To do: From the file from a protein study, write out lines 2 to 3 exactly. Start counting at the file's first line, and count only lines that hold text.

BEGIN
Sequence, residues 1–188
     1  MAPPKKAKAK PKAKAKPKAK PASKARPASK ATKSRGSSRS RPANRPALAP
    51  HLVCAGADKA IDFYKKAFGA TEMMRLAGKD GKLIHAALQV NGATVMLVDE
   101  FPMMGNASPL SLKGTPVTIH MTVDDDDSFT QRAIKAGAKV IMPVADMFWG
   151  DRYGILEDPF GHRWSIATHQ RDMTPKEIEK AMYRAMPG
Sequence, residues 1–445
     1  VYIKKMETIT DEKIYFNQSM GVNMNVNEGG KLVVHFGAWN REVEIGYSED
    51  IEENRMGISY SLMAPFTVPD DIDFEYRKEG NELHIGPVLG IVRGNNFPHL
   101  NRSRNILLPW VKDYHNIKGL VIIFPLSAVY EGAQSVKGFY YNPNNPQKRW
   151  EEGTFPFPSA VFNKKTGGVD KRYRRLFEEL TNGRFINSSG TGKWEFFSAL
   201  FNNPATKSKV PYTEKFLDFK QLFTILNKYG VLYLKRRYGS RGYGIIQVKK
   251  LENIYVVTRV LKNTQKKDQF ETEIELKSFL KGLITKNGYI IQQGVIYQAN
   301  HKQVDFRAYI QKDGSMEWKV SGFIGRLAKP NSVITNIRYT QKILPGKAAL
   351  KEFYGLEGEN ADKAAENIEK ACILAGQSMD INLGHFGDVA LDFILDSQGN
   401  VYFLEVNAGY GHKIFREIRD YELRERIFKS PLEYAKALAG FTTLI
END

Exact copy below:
     1  MAPPKKAKAK PKAKAKPKAK PASKARPASK ATKSRGSSRS RPANRPALAP
    51  HLVCAGADKA IDFYKKAFGA TEMMRLAGKD GKLIHAALQV NGATVMLVDE